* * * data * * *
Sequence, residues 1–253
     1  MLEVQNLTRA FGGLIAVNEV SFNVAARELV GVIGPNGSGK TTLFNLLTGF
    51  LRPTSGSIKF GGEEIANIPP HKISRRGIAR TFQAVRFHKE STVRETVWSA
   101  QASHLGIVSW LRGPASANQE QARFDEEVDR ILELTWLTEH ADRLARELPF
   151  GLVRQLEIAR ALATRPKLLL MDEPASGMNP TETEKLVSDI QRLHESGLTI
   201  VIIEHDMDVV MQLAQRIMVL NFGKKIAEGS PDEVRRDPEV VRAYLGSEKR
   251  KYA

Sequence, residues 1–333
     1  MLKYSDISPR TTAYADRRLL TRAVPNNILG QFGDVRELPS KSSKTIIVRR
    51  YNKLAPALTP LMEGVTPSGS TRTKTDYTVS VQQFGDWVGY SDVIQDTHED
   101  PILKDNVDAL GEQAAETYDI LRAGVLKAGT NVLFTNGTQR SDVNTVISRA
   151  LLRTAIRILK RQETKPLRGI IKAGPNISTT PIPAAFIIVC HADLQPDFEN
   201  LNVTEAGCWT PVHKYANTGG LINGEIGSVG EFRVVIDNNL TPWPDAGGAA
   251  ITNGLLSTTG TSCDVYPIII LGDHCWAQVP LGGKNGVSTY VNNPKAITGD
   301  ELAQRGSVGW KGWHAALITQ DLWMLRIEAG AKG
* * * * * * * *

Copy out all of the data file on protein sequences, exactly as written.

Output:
Sequence, residues 1–253
     1  MLEVQNLTRA FGGLIAVNEV SFNVAARELV GVIGPNGSGK TTLFNLLTGF
    51  LRPTSGSIKF GGEEIANIPP HKISRRGIAR TFQAVRFHKE STVRETVWSA
   101  QASHLGIVSW LRGPASANQE QARFDEEVDR ILELTWLTEH ADRLARELPF
   151  GLVRQLEIAR ALATRPKLLL MDEPASGMNP TETEKLVSDI QRLHESGLTI
   201  VIIEHDMDVV MQLAQRIMVL NFGKKIAEGS PDEVRRDPEV VRAYLGSEKR
   251  KYA

Sequence, residues 1–333
     1  MLKYSDISPR TTAYADRRLL TRAVPNNILG QFGDVRELPS KSSKTIIVRR
    51  YNKLAPALTP LMEGVTPSGS TRTKTDYTVS VQQFGDWVGY SDVIQDTHED
   101  PILKDNVDAL GEQAAETYDI LRAGVLKAGT NVLFTNGTQR SDVNTVISRA
   151  LLRTAIRILK RQETKPLRGI IKAGPNISTT PIPAAFIIVC HADLQPDFEN
   201  LNVTEAGCWT PVHKYANTGG LINGEIGSVG EFRVVIDNNL TPWPDAGGAA
   251  ITNGLLSTTG TSCDVYPIII LGDHCWAQVP LGGKNGVSTY VNNPKAITGD
   301  ELAQRGSVGW KGWHAALITQ DLWMLRIEAG AKG